In the PREDIMED trial, the participating high-risk individuals on all three diet interventions experienced a decrease in body weight and adiposity measurements, with no observed differences in outcomes for subgroups defined by age, sex, ethnicity, baseline weight, or activity level.32 Compared with the low-fat diet group, participants in the Mediterranean diet groups had decreased systolic and diastolic blood pressures, improved lipid profiles, decreased insulin resistance, and reduced concentrations of inflammatory molecules.32 Since low-fat diets tend to lower both LDL and HDL cholesterol, a fat-rich Mediterranean diet may be more appropriate for high-risk individuals because it decreases LDL cholesterol, triglycerides, and total cholesterol while increasing HDL cholesterol.32 These findings challenge the efficacy of low-fat diets centered on carbohydrate intake by demonstrating greater benefits through carbohydrate replacement with dietary fats.

Pharmacologic interventions
Diabetes. Many studies have shown that pharmacologic intervention can delay the onset of T2DM in those at high risk. Several classes of medications have been studied to evaluate their effectiveness in diabetes prevention. In the Diabetes Prevention Program study, metformin reduced the incidence of T2DM by 31% when compared with placebo; lifestyle intervention reduced the incidence by 58%.24 Metformin reduces the risk for diabetes by inhibiting glucose production in the liver while improving peripheral muscle tissue sensitivity to insulin.6

Other oral agents, such as thiazolidinediones, α-glucosidase inhibitors, and the lipase inhibitor orlistat, have been shown to decrease the incidence of T2DM. However, because studies have demonstrated that medications such as metformin are not as effective as diet and exercise in delaying the onset of diabetes, their use must be limited to high-risk individuals, such as those with a history of GDM, those who are extremely obese, and/or those with uncontrolled hyperglycemia.8

Dyslipidemia. Persons with prediabetes are prone to progression to T2DM and experience cardiovascular events.33 Dyslipidemias—or abnormal blood cholesterol levels—commonly occur in persons with prediabetes and are strongly associated with macrovascular events such as MI or CVD.

The 2013 ACC/AHA guidelines for lowering cholesterol to reduce ASCVD risk in adults are unlike previous guidelines in that they do not provide hard and fast rules about reducing the LDL cholesterol (LDL-C) level to a specific number.20 Instead, the guidelines focus on using statins to reduce the risk for primary and secondary cardiovascular events in those most likely to benefit.20 The panel described four groups who would most likely benefit from statin therapy:
• Persons who have clinical ASCVD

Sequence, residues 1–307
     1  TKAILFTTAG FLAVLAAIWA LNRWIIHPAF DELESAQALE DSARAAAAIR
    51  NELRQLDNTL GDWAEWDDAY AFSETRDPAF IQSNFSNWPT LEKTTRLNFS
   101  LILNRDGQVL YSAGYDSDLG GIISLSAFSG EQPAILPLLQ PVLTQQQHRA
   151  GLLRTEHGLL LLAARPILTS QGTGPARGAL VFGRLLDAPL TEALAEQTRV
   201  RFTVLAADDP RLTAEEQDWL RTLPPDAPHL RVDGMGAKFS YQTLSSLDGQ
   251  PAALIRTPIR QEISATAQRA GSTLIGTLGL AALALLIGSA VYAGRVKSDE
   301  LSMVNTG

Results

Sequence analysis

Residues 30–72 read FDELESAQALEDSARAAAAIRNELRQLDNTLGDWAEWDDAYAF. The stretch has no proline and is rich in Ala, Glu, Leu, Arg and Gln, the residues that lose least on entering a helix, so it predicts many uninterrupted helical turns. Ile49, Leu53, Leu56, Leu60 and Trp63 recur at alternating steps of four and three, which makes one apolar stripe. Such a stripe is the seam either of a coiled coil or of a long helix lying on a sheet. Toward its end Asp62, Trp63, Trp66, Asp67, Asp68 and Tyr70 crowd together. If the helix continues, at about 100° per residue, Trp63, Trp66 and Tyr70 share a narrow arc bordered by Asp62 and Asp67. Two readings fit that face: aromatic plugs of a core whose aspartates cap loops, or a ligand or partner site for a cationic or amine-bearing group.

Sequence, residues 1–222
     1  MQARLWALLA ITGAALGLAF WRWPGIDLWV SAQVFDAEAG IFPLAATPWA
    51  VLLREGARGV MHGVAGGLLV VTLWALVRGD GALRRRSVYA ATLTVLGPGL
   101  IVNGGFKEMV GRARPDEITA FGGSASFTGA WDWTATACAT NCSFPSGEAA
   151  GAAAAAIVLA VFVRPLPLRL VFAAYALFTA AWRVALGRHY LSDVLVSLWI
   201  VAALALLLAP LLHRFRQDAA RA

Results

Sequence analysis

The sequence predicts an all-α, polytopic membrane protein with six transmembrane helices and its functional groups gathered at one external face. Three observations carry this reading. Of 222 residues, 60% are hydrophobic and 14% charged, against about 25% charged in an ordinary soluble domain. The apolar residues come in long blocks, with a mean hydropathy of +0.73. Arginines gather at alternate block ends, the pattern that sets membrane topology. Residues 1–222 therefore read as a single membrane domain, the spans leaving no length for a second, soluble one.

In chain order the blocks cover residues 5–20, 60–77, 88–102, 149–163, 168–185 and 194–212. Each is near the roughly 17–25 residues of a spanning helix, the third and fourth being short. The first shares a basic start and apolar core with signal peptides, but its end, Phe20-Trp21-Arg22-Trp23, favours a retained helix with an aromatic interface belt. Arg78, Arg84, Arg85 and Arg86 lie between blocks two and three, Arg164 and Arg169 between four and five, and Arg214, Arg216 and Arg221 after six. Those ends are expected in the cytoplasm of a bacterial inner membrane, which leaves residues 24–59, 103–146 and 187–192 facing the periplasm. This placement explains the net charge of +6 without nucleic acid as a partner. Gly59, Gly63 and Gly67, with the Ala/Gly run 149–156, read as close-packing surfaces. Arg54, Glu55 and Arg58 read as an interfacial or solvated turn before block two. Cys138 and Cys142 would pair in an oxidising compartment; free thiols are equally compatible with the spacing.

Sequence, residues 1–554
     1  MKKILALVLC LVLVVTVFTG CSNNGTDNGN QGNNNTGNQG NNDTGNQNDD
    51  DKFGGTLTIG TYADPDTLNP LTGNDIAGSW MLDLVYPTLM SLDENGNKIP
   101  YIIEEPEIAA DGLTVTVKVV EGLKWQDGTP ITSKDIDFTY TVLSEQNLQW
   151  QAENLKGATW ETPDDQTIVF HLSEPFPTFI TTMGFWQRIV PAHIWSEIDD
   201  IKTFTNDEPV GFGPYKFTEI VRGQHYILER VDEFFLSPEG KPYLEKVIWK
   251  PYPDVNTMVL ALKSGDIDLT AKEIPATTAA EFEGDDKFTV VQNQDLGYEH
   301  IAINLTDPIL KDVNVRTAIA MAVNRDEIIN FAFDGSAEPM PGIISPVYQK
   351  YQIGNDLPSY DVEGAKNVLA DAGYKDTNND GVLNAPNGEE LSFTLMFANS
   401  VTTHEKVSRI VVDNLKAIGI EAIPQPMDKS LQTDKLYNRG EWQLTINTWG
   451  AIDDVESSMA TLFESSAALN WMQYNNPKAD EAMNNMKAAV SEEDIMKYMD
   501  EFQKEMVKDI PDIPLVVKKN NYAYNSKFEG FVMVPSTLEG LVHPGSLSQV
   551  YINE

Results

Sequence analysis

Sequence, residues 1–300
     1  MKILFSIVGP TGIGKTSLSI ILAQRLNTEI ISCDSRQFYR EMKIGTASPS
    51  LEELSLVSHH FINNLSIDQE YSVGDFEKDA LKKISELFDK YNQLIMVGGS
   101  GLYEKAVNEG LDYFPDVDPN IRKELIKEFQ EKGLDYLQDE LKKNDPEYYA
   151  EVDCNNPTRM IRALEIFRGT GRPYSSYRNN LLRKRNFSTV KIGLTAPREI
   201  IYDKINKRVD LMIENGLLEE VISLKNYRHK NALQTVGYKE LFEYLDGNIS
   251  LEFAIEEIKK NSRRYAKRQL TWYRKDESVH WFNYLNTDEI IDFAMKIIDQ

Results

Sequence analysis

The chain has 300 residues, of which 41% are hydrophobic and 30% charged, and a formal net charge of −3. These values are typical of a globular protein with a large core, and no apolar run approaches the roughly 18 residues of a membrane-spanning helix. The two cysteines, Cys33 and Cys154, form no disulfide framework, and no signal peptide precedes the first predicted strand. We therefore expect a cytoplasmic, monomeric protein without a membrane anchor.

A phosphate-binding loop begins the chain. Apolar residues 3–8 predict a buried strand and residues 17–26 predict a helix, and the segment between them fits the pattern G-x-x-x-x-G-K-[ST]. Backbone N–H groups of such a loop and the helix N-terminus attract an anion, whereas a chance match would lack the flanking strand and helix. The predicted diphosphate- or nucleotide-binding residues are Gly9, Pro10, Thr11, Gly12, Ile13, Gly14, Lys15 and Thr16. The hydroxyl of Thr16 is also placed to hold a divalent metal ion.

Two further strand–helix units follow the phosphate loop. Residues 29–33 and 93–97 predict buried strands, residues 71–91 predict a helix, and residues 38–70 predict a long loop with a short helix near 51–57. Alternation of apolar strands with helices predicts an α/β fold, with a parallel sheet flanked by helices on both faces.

• Persons with LDL-C levels ≥ 190 mg/dL
• Persons ages 40 to 75 with diabetes and LDL-C levels of 70-189 mg/dL
• And (most pertinent to those with prediabetes) persons ages 40 to 75 who do not have clinical ASCVD or diabetes but have LDL-C levels of 70-189 mg/dL and an estimated 10-year ASCVD risk of 7.5% or higher.20

Based on risk stratification, treatment strategies such as statins are recommended to lower an individual’s risk for a future event. High-intensity statin therapy should be initiated in persons with a lifetime risk of 7.5% or higher.20

Hypertension. Metabolic syndrome has a strong relationship with the development of hypertension.10 Pharmacologic intervention for hypertension may be appropriate if lifestyle changes alone do not provide adequate control of blood pressure. Evidence-based guidelines for hypertension management were released in 2014 by the panel members appointed to the Eighth Joint National Committee (JNC 8).25 The JNC 8 guidelines include new, specific recommendations aimed at managing high blood pressure in adults.

For individuals ages 60 and older, pharmacologic therapy should be initiated at a blood pressure of 150/90 mm Hg or higher. For adults younger than 60 or those with comorbidities such as diabetes and chronic kidney disease, the guidelines recommend initiating pharmacologic therapy at a blood pressure of 140/90 mm Hg or higher.

Firstline drug recommendations vary among individuals. For nonblack adults, even those with diabetes, the recommended initial medications include a thiazide-type diuretic, calcium channel blocker, ACE inhibitor, or angiotensin receptor blocker. For the general black population, including those with diabetes, initial treatment with either a thiazide-type diuretic or calcium channel blocker is preferred.25

Continue for other interventions >>

Next Article:

Man Collapses While Playing Basketball

Related Articles

  • CE/CME

    Mumps–It’s Back!

    Although accreditation for this CE/CME activity has expired, and the posttest is no longer available, you can still read the full article.

  • CE/CME

    Ebola: Lessons from the Latest Pandemic

    Although accreditation for this CE/CME activity has expired, and the posttest is no longer available, you can still read the full article.